"Pastrix" is a demeaning term used to refer to female ministers by certain Christians who believe in male-only pastoral ministry. But Denver-based Lutheran Rev. Nadia Bolz-Weber, a tattooed yet traditional liturgist, has reclaimed it as a title for her brand of faith. “It was an insult, and anytime you can reclaim an insult as a good thing, you win,” says Bolz-Weber.
Pastor of House For All Sinner and Saints (HFASS)--a church plant of the Evangelical Lutheran Church in America (ELCA) that is liturgical, sacramental, queer-inclusive, and social-justice oriented--Bolz-Weber is the author of Pastrix: The Cranky, Beautiful Faith of a Sinner and Saint (Jericho, Sept. 10) In it, she tells the tale of her zigzag voyage to ministry and her no-frills, no-nonsense focus on how screwed up people are and how sweeping and aggressive Jesus’ grace is. “Ultimately it’s kind of an imperfect confession of faith by an imperfect person of faith,” she says.
With the entire Christian liturgical calendar tattooed on her left arm, including biblical scenes from creation to Pentecost, and ink on her right arm of Mary Magdalene schooling the bewildered all-male disciples about the resurrection, Bolz-Weber knows she stands out as a contrariety. “It’s surprising to people that I am a Lutheran pastor,” she says. “Frankly though, it’s surprising to me that I’m a Christian.”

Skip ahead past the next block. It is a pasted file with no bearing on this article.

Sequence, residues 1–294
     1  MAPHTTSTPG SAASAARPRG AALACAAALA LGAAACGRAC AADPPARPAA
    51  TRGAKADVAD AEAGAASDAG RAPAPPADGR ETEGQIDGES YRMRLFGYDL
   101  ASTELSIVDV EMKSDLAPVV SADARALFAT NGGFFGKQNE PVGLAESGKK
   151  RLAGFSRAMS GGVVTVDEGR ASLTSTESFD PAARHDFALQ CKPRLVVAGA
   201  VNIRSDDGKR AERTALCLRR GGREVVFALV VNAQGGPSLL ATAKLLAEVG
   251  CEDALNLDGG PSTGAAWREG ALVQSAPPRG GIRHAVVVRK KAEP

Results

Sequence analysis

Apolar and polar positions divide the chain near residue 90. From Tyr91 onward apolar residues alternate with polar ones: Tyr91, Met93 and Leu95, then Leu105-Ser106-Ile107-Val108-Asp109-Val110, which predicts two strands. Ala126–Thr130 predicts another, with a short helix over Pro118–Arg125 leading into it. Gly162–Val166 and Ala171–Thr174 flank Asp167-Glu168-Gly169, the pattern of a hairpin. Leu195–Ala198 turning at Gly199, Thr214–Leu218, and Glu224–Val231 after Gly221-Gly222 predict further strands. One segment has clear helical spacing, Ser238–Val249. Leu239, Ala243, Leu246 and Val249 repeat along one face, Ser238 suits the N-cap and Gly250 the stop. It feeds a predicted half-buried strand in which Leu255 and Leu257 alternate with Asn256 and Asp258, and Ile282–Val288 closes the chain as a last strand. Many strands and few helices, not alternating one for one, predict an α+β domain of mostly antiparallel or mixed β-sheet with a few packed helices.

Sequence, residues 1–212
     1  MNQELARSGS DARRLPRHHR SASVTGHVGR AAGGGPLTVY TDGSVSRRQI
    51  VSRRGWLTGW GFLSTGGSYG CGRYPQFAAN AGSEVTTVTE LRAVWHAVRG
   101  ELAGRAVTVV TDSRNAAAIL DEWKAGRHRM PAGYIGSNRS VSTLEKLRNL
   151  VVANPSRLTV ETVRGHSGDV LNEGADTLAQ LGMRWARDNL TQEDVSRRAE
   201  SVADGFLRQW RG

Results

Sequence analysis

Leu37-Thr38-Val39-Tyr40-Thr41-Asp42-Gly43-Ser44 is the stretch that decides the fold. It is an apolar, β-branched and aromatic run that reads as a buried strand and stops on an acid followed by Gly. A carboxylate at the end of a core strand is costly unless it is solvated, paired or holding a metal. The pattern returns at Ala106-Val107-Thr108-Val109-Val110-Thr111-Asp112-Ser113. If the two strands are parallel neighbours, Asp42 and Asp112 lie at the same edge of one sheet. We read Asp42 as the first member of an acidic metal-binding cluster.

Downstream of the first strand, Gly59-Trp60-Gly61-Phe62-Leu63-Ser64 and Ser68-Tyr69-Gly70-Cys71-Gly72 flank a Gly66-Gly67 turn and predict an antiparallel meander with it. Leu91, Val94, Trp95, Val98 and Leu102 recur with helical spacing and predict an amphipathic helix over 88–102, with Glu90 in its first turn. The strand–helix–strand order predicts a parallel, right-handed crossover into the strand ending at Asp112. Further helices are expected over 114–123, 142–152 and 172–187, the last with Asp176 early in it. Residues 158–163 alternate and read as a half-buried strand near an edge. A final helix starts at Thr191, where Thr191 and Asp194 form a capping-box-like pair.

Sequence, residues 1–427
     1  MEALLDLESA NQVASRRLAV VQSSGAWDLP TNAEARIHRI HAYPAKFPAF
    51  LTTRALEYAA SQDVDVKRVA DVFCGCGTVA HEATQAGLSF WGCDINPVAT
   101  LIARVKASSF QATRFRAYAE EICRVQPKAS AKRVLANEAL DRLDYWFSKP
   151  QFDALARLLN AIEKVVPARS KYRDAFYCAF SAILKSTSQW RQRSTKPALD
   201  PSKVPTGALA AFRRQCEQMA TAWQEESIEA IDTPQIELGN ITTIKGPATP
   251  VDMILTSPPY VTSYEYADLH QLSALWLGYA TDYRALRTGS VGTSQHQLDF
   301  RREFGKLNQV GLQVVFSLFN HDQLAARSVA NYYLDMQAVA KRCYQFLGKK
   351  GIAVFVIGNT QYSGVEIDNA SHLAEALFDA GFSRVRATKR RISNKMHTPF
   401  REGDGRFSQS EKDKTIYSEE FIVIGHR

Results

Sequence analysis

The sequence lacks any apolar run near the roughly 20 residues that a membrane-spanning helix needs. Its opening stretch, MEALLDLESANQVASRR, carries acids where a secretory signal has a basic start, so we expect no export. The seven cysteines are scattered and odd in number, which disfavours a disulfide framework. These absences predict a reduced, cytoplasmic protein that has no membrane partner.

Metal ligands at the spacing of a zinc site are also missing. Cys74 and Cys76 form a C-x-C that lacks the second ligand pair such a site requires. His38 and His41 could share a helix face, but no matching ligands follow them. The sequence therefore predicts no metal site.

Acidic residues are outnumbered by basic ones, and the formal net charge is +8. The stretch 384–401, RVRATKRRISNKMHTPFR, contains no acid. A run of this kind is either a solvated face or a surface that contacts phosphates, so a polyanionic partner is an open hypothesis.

Raised in a “fundamentalist and sectarian” Christian household, she says, Bolz-Weber left the faith in high school before becoming a stand-up comedian. Along the way she picked up the “mouth of a trucker” and struggled with alcoholism. She bumbled her way back to faith while getting sober.
Bolz-Weber views her past as integral to her incongruous pastoral persona. “I have no idea how someone’s a preacher without being a comic first,” she says. More seriously, she adds, “12-step recovery deeply informs my work as a pastoral theologian. What you have to do when you get clean and sober is be pretty honest, and so I am a truth-telling pastor,” she says.
Not surprisingly, Bolz-Weber has her critics. One Web site describes her as a “pretending pastor” and prime example of what can go wrong when females become pastors. Her response to the criticism might be unexpected: while she can see how other public figures get discouraged by criticism, “it’s jet fuel for me,” she says. “What my detractors should figure out is that if they really don’t like what I am doing they should probably shut up.”
Bolz-Weber refers back to her Mary Magdalene tattoo. “Here’s this flawed woman who was delivered of much in her life, and she was chosen to tell the resurrection” she says. “I don’t know what more authority I need to be a preacher.”
Bolz-Weber also writes regularly for Christian Century and Sojourners magazines and is the author of Salvation on the Small Screen: 24 Hours of Christian Television (Seabury Books, 2008) A church speaking tour for Pastrix is lined up for September and will take her through the Western States, Minnesota, Illinois, and Texas.